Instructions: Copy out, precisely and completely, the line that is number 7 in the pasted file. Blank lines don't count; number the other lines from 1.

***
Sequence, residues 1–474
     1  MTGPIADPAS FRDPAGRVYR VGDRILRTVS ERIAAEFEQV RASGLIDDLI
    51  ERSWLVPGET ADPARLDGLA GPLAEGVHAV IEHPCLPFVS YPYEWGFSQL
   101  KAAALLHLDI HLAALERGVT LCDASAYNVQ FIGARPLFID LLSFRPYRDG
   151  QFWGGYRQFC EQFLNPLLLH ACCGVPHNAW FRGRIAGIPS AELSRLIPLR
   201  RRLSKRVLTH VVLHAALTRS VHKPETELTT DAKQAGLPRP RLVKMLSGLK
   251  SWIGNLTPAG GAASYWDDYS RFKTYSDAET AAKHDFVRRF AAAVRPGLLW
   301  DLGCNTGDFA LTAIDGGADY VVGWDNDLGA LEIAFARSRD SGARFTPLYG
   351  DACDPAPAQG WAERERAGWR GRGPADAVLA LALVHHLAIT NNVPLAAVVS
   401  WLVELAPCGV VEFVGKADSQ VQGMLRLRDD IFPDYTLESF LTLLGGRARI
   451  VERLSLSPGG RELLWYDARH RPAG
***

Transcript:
   251  SWIGNLTPAG GAASYWDDYS RFKTYSDAET AAKHDFVRRF AAAVRPGLLW